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Chapter One: Tempest in a Teakettle

The ambush occurred at the corner of 57th Street and Eighth Avenue. The hoard descended like locusts, blocking out what little of the December sun that had managed to filter through the city’s imposing architecture. Bodies pressed close, transferring the odors of soot, smoke, and sweat onto the embroidered surface of my French-imported skirt and tailored waistcoat. Then the hollering began.

“Extra! Extra!”

“Creatures of the night walk Gotham’s streets.”

“Attacks on young women.”

“Read all about it!”

Newsboys. No escaping them.

“Let a girl breath, would you?” I put my hands on my waist and twisted my torso, letting my elbows fly, gaining a foot of distance between myself and the throng. “Now, what’s this?” I snatched a paper from under the arm of the nearest and smallest of the newsies. Scanned the headlines. “Vampires?” I rolled my eyes at him. “Surely the Daily can do better on a Friday morning, don’t you think, Red?”

“That’s Big Red to the likes of you,” the boy said, a fierce expression on his gamin features as he puffed on a cigarette balanced between thin, chapped lips.

He held a hand out for payment.

I raised a brow at his bravado, then withdrew a coin from the pocket sewn into the folds of my skirt. Sensing they’d lost the game, the rest of the newsies moved on to other targets, passerbys attempting to weave between their masses.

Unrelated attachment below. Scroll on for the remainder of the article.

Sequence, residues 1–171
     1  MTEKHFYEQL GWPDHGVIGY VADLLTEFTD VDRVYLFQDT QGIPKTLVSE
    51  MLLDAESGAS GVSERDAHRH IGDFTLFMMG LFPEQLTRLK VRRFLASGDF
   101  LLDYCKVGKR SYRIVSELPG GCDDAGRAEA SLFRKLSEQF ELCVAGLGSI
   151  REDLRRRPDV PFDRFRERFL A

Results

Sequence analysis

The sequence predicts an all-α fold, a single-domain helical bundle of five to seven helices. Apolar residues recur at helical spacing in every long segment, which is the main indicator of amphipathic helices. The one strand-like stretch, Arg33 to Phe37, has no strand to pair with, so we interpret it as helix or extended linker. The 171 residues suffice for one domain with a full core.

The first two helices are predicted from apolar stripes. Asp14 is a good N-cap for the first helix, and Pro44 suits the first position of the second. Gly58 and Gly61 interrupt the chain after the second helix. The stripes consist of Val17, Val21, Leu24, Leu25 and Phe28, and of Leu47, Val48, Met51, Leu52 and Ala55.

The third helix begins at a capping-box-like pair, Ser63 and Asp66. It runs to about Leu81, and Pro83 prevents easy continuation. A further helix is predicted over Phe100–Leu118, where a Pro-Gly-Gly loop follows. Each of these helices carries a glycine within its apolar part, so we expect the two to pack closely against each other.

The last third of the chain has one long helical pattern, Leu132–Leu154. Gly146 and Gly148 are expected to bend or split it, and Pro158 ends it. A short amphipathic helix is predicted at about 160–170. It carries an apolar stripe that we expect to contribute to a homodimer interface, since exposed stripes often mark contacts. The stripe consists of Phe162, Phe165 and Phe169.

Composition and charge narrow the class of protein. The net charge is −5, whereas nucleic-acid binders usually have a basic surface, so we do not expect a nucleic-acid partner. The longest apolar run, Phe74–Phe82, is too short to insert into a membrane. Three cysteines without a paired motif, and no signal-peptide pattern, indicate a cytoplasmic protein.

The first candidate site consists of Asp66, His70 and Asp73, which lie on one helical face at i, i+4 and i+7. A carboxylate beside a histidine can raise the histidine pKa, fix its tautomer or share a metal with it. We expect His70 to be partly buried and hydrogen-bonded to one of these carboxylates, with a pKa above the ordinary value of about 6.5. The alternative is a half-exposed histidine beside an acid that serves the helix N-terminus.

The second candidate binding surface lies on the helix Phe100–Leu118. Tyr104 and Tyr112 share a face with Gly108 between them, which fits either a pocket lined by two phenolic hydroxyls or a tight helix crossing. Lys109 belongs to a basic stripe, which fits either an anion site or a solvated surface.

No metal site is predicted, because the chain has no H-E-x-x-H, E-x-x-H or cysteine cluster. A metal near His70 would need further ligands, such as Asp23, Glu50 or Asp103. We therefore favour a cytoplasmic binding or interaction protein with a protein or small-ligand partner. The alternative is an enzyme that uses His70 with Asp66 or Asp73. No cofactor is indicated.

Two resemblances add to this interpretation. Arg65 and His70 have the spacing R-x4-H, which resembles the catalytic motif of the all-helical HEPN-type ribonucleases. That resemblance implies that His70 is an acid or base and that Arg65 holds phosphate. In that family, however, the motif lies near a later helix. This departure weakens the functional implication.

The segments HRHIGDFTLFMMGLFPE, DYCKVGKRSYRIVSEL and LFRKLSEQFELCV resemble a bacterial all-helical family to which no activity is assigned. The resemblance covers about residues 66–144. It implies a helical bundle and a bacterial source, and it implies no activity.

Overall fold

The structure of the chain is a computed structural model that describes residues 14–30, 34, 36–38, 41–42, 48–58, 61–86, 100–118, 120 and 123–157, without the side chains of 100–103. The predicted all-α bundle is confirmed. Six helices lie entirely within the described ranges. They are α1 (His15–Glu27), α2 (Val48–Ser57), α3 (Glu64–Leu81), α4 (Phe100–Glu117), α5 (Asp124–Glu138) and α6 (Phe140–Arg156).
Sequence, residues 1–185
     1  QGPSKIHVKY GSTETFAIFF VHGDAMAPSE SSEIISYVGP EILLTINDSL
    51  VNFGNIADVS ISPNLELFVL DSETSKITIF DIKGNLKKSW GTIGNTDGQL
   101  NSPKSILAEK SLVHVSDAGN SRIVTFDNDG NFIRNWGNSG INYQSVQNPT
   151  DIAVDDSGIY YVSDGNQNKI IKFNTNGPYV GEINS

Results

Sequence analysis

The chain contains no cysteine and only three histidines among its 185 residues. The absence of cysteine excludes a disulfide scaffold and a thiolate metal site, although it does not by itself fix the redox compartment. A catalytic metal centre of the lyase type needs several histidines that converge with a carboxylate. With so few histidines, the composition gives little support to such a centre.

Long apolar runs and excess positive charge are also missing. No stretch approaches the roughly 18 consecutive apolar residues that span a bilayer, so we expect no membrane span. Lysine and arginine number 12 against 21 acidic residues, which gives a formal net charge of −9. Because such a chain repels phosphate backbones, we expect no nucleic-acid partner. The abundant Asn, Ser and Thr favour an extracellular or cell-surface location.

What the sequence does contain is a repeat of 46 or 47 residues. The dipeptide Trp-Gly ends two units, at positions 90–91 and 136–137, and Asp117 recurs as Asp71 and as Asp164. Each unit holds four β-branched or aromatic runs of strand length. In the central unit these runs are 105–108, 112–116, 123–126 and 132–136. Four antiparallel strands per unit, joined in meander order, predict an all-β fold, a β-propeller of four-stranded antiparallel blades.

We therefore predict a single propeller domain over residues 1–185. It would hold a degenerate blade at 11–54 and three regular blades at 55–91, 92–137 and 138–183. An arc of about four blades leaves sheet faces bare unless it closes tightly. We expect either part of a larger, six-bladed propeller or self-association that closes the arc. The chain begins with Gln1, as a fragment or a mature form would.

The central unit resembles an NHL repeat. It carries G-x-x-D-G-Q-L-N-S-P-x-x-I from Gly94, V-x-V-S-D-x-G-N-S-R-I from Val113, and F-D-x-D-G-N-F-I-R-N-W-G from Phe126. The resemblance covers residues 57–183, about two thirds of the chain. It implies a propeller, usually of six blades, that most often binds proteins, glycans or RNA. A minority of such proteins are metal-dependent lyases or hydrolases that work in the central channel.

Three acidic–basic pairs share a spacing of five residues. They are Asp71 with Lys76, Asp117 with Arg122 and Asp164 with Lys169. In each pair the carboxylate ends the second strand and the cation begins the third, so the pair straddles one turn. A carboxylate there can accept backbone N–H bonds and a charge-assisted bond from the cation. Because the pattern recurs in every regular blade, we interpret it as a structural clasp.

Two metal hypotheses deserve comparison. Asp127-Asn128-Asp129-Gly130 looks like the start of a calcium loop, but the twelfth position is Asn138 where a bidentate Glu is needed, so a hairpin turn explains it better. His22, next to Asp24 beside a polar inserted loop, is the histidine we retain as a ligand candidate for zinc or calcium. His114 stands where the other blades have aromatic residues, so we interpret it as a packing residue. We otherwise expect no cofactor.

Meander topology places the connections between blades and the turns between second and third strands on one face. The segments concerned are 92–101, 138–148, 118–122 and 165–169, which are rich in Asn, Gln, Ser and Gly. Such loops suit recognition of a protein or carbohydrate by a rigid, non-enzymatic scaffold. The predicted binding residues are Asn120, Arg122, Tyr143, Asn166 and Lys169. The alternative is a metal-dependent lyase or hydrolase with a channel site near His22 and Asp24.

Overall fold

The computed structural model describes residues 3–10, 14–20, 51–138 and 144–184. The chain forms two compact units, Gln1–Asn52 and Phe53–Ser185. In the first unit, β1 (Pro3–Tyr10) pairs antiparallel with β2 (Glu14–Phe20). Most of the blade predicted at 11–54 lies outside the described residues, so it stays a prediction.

Big Red?” I dropped the coin onto his palm. “I thought we’d dispensed with such formalities.”

He shrugged, glancing over his shoulder at his competition. “I gotta keep up appearances, Strangeways. You know how it is.”

Indeed, I did. At approximately nine years of age, orphaned, and small for his size, only two things stood between Red and daily beatings from the other boys: his tough demeanor and the ability to hide in obvious places without being observed.

The latter of which, a skill of particular interest to the Hunter Council. Only a handful of chameleons remained in existence worldwide. Not so much shapeshifters, but humans with the power to alter the surface of their skin to mirror their environment. Of Red’s parents or other kin, I knew only that they were dead and he had the lonely distinction of being near to the last of his kind.

Upon orders, I’d been attempting to wrangle him into Council service for weeks, but the boy had gumption and declined my numerous invitations. Even those sweetened with the promise of his own room, three square meals a day, and a generous allowance. Secretly, I applauded his every refusal. Living and breathing under the command and scrutiny of the Hunter Council was not how a boy should spend his days.

Did his current situation prove any better?

I assessed his threadbare suit – no coat to keep him warm when true winter hit. His dog-eared shoes offered little protection against frostbite. Then there were the hollows beneath his prominent cheekbones. An uncomfortable weight settled between my shoulders and I rolled them uneasily. I couldn’t afford to reach out to this child – I was barely keeping my own neck above water.

“Good day, Red.” I dropped another coin into his hand. “Perhaps tomorrow’s headlines will be worth reading.” My skirt swirled around my polished black leather boots as I strode forward, my mind already fixed with dread upon my intended location.

“Here’s the real extra, Strangeways.” Red grabbed my forearm with surprising strength. “Vampires. Demons. Whatever they are,” his urchin eyes narrowed, “watch your back.” He released my arm, retreating. “Frightful things wait in the shadows.”

“What things?” I asked with a start. But the boy had already joined the others, blending into their collective backdrop of faded suits and slanted hats.